Melissa Q

One sunny spring day I visited Melissa at her gorgeous AirBnB in Church Point – NSW, which she and her husband creatively renovated themselves. Being an environmentally conscious individual, Melissa uses her creativity to restore furniture and artwork that she finds on the side off the road and has filled her AirBnb with these beautifully restored items that would otherwise go to landfill. That afternoon Melissa baked some wild salmon and broccolini with Asian inspired dressing for lunch.

Including fish in our diet around twice a week can help reduce the risk of stroke, inflammation, heart and other chronic conditions. Fish also provide an excellent source of omega-3 fatty acids, protein, vitamins and minerals.

Unfortunately, the popular farmed Atlantic Salmon has had its reputation tarnished by questionable farming practices. Resulting in fish full of harmful toxic contaminants that exceeded the standards from World Health Organisation.

Thanks to the strong and ongoing civic engagement by the Tasmanian community to pressure government to review legislation governing salmon industries, the Minister for Primary Industries and Water Jo Palmer released a new 10-year plan for Tasmanian Salmon Industry effective January 2023.

It’s still early days to see how effective the laws are. For now, if you live in Australia and still would like to include salmon in your diet, go for the Australian wild caught salmon or the farmed King Salmon from New Zealand, swapping these every now and then with other sustainable and ethical seafood from this list.

There is a handy app called GoodFish to help consumer search for which sustainable salmon is right for consumption and doesn’t cost the environment. Always check with your fishmonger or local seafood store where the fish comes from, how they are caught/grown and what they feed on. I find most good seafood stores who are proud about what they sell will gladly give you these answers, so no need to shy away from asking!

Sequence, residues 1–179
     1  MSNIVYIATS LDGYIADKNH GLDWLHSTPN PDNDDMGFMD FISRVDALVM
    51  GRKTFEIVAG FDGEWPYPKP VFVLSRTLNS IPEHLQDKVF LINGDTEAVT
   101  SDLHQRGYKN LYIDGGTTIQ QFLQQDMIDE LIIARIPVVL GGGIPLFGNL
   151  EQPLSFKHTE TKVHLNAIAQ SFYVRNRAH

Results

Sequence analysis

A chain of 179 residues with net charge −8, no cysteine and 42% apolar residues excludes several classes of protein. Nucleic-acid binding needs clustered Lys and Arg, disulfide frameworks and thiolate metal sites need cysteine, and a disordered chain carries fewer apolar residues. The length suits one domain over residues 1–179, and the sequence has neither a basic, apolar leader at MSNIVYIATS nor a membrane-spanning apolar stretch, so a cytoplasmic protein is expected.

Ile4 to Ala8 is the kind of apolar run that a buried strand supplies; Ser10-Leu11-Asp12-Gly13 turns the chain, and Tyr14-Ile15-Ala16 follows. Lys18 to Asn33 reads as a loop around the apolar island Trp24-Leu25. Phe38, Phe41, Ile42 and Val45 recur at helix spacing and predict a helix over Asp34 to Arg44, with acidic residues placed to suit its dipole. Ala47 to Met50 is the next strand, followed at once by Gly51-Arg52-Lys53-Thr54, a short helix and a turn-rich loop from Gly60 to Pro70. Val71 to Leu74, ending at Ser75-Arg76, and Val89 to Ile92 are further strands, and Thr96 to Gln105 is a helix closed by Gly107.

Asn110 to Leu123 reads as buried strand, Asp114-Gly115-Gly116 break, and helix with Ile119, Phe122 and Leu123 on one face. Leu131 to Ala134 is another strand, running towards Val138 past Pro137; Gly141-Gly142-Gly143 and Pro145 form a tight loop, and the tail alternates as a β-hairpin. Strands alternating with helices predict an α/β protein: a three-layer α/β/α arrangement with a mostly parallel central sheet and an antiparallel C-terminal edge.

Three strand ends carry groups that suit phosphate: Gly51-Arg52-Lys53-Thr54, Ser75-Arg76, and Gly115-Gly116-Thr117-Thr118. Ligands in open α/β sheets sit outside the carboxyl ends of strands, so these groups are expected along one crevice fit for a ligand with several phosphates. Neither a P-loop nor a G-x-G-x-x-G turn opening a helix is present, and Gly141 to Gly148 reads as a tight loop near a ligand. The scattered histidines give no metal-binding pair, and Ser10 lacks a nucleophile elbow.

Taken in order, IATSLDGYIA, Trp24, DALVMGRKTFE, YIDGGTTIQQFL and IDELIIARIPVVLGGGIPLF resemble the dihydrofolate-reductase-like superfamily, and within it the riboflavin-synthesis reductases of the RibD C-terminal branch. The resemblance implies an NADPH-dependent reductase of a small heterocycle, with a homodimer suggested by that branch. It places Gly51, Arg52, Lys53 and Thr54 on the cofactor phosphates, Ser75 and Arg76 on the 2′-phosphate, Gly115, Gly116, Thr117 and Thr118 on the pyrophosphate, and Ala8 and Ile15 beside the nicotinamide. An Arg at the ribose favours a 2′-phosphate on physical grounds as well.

For more information on salmon farms practices around the world please head to this page.

Who Melissa
Family origin Scottish/English
I can’t live without Chocolate
Occupation Designer/Artist
Currently I’m obsessed with living and having fun every single day
Childhood taste Neenish tarts, Cream buns, Vanilla Milkshakes, Big Charlie’s Gum, Cool Sharks, any old fashioned confectionery from Milk bars
I will always have in my pantry Betty Crocker Chocolate Brownies cake mix in my pantry
I learnt to cook from my beautiful Home Science teacher, Miss Boss, from Castle Hill High School
Currently I’m listening to VSQ vitamin string quartet
One day I must visit Monet’s Garden
Go to meal Gnocchi, or a Banana Smoothie
I am really good at talking too much
The unforgettable meal cooked by Chef Franco from The Old School House Trattoria, that was once in St Ives
My piece of Sydney Northern Beaches
Favourite spice cinnamon
Best flavour combo Ham and Cheese
Guilty pleasure Sugar
Who does the dishes Melissa does the dishes

Melissa’s Food Waste Tips

I like to freeze bread and fruit, to extend life, especially bananas and berries which are great in a smoothie.

Baked Wild Salmon with Broccolini

Prep time: | Cook time: | Serves 4

  • 4 serves of Australian wild salmon or New Zealand farmed king salmon fillet
  • 1 bunch of broccolini
  • small thumb of ginger
  • 2 cloves of garlic
  • 2 tbs light soy sauce
  • 1/2 tbs honey
  • 3 tsp sesame oil
  • 1/2 tsp pepper
  • olive oil for drizzling
  • wedges of lemon for serving
  1. Preheat the oven to 180C.
  2. Place salmon pieces & broccolini in a medium size baking tray.
  3. Make the dressing. Grate the ginger and garlic then place in a small mixing bowl. Add in the honey, sesame oil, light soy sauce and pepper. Mix well then pour all over the salmon pieces. Drizzle some olive oil on the broccolini so they cook well.
  4. Place tray in the oven and cook for about 10 mins or until salmon flakes apart when gently pressed.
Posted: Nov 9 2023
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